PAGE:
In these final chapters of Deuteronomy we see a key feature of ancient Near Eastern suzerainty treaties renewed: the blessings of submission and obedience, and curses for rebellion and disobedience. There is even to be a ceremony of treaty renewal, with a recitation of the blessings and curses, the one on Mount Gerizim, the other on Mount Nebal. The blessings and curses are dramatic and emotive enough to make obedience desirable, and disobedience frightening. But they are a necessary reminder for the new generation of Israelites, about to enter their promised home.
Which leads to another crucial matter that transfers from the Law of Moses to the New Testament: the orientation of the believer to the God of the Covenant, and to the Covenant itself. The choice, then and now, in both the Old and New Covenants, is between being stubborn, hard-hearted and stiff-necked, and that of “fearing the Lord your God.” By such fear is not meant mere terror of punishment (though the condition described and its consequences are terrifying), but a fear of rupturing and losing a sacred, life-giving relationship. The “Fear of God” is, in some ways, a fear of oneself, that is, a healthy fear of one’s own capacities for self-delusion, self-justification and the inner tendency and temptation to turn one’s back on God, even while being outwardly and formally religious. The God-fearer, in a Biblical sense, trusts in God, more than himself or herself, to keep the intimate, covenant relationship alive.
Also presaged is the transfer of leadership from Moses to Joshua. How striking and subversive, in that historical context, that Joshua will lead, not by virtue of birth or lineage from Moses (almost nothing is known of Moses’ children) but by virtue of his faith, qualities and gifting.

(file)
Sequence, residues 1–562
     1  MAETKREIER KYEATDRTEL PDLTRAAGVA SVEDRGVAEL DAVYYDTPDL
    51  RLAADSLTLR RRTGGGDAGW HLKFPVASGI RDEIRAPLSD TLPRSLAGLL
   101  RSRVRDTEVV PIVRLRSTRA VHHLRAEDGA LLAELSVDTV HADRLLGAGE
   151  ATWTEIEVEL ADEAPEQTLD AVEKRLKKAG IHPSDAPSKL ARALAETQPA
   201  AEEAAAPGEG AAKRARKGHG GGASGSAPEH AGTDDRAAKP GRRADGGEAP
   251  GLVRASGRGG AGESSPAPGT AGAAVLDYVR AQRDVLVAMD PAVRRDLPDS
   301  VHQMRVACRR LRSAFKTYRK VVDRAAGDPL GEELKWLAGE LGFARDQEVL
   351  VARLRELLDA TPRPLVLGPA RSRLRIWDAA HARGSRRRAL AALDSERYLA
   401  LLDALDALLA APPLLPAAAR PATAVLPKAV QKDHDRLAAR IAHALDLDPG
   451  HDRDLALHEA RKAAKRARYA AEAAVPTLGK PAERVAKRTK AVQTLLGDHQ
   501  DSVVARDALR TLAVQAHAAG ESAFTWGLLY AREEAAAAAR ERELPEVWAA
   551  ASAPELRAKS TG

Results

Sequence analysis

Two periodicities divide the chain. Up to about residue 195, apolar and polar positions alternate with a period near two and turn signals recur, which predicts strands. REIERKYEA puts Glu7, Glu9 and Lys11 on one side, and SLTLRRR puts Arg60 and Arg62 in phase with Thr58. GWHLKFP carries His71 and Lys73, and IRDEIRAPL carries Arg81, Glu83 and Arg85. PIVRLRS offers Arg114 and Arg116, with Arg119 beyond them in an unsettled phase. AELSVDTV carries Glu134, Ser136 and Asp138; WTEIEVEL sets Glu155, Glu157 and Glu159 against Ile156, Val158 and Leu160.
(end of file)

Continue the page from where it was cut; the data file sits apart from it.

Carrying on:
The story of Israel’s fall, exile and rising again is foretold in Moses’ final warnings and prophecies, told in the form of benedictions for each of Israel’s twelve tribes in chapter 33 (Remember that the tribe of Joseph includes two sub-tribes, Ephraim and Manasseh). This too is unique in the world’s whole body of religious historical literature, which most often serves to sanitize, aggrandize and divinize the people and their leaders through their foundational stories. Here is another sense in which Israel has gifted the world, by holding up to all peoples a mirror of themselves in her own conflicted story. Not even Moses comes off completely clean. His death and burial are recounted in the final chapter, 34, with a tribute in the final verses, 10-12. For any of us in positions of leadership and responsibility for God’s people, it is of first importance that we imitate Moses in this respect: that we seek to be one “with whom the Lord spoke face to face.” This also serves notice that, while Moses and his written and spoken materials were central and foundational to the Pentateuch (the first five books of the law), the people of God who followed him had a hand in its final shape and editing, unless we wish to assert that Moses wrote about his own death and burial ahead of time.
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